Why Faith and Free Markets Need Each Other

By Parker, Star | Examiner (Washington, D.C.), The, September 7, 2013 | Go to article overview

Why Faith and Free Markets Need Each Other


Parker, Star, Examiner (Washington, D.C.), The


An important new book has recently been published which addresses the question of global poverty, but does so by provoking the reader to also consider our own nation and demand that we better understand ourselves and the wellsprings of our own success.

Two evangelical Christians have teamed up, one an economist and one a theology professor, to write "Poverty of Nations: A Sustainable Solution."

The economist is Barry Asmus, senior economist at the National Center for Policy Analysis. The professor is Wayne Grudem, research professor of theology and biblical studies at Phoenix Seminary.

There is no question more perplexing than "Why are some nations poor and some rich?"

What accounts for the astounding success of our nation, at the same time the world's most prosperous but also, at just 227 years old, one of the world's youngest?

The mystery of the nature and sources of wealth and poverty is far from new, and Asmus and Gruden survey the vast literature dealing with this most basic question.

They also review the long experience of attempts by governments to design policies to alleviate and eradicate poverty in their own country and in others.

In the end, the picture that emerges appears quite clear. Over thousands of years of human experience, going through economic arrangements such as tribalism, slavery, feudalism, mercantilism, socialism and communism, and welfare-statism, no arrangement can compare in creating new value, production of goods and services, and prosperity, like the free market.

However, despite the success of free-market economies, they are regularly subject to political challenge because of the ongoing human desire to understand the "ghost in the machine," so to speak, and control it and its outcomes.

How does it work? How does this prosperity happen when no one seems to be in charge, and when there seems to be no place to turn to see who designed and is running it all?

The authors help the lay reader understand key aspects of free markets that make them work so well - ownership and private property, the vital information conveyed by prices in the marketplace and profits and losses of business, specialization and competition, and creativity and entrepreneurship. …

The rest of this article is only available to active members of Questia

Already a member? Log in now.

Notes for this article

Add a new note
If you are trying to select text to create highlights or citations, remember that you must now click or tap on the first word, and then click or tap on the last word.
One moment ...
Default project is now your active project.
Project items

Items saved from this article

This article has been saved
Highlights (0)
Some of your highlights are legacy items.

Highlights saved before July 30, 2012 will not be displayed on their respective source pages.

You can easily re-create the highlights by opening the book page or article, selecting the text, and clicking “Highlight.”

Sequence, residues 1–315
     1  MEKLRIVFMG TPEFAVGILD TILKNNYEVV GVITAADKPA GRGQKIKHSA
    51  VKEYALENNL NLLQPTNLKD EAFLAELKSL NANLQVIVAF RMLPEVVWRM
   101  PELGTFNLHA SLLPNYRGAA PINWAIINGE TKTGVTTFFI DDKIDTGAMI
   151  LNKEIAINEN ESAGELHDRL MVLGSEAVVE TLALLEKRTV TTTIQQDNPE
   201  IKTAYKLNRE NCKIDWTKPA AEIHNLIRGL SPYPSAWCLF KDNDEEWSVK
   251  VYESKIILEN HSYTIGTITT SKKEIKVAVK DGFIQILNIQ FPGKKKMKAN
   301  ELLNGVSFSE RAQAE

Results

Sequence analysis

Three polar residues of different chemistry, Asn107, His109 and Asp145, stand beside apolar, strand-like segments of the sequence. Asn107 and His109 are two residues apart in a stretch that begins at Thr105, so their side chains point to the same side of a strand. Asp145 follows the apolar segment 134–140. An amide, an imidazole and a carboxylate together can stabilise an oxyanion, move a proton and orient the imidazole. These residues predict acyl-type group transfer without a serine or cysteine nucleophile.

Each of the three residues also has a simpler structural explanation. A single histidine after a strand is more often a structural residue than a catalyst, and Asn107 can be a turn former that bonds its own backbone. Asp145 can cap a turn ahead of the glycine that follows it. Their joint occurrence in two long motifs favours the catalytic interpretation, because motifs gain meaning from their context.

Citations (0)
Some of your citations are legacy items.

Any citation created before July 30, 2012 will labeled as a “Cited page.” New citations will be saved as cited passages, pages or articles.

We also added the ability to view new citations from your projects or the book or article where you created them.

Notes (0)
Bookmarks (0)

You have no saved items from this article

Project items include:
  • Saved book/article
  • Highlights
  • Quotes/citations
  • Notes
  • Bookmarks
Notes
Cite this article

Cited article

Style
Citations are available only to our active members.
Buy instant access to cite pages or passages in MLA, APA and Chicago citation styles.

(Einhorn, 1992, p. 25)

(Einhorn 25)

1. Lois J. Einhorn, Abraham Lincoln, the Orator: Penetrating the Lincoln Legend (Westport, CT: Greenwood Press, 1992), 25, http://www.questia.com/read/27419298.

Cited article

Why Faith and Free Markets Need Each Other
Settings

Settings

Typeface
Text size Smaller Larger Reset View mode
Search within

Search within this article

Look up

Look up a word

  • Dictionary
  • Thesaurus
Please submit a word or phrase above.
Print this page

Print this page

Why can't I print more than one page at a time?

Help
Full screen

matching results for page

    Questia reader help

    How to highlight and cite specific passages

    1. Click or tap the first word you want to select.
    2. Click or tap the last word you want to select, and you’ll see everything in between get selected.
    3. You’ll then get a menu of options like creating a highlight or a citation from that passage of text.

    OK, got it!

    Cited passage

    Style
    Citations are available only to our active members.
    Buy instant access to cite pages or passages in MLA, APA and Chicago citation styles.

    "Portraying himself as an honest, ordinary person helped Lincoln identify with his audiences." (Einhorn, 1992, p. 25).

    "Portraying himself as an honest, ordinary person helped Lincoln identify with his audiences." (Einhorn 25)

    "Portraying himself as an honest, ordinary person helped Lincoln identify with his audiences."1

    1. Lois J. Einhorn, Abraham Lincoln, the Orator: Penetrating the Lincoln Legend (Westport, CT: Greenwood Press, 1992), 25, http://www.questia.com/read/27419298.

    Cited passage

    Thanks for trying Questia!

    Please continue trying out our research tools, but please note, full functionality is available only to our active members.

    Your work will be lost once you leave this Web page.

    Buy instant access to save your work.

    Already a member? Log in now.

    Author Advanced search

    Oops!

    An unknown error has occurred. Please click the button below to reload the page. If the problem persists, please try again in a little while.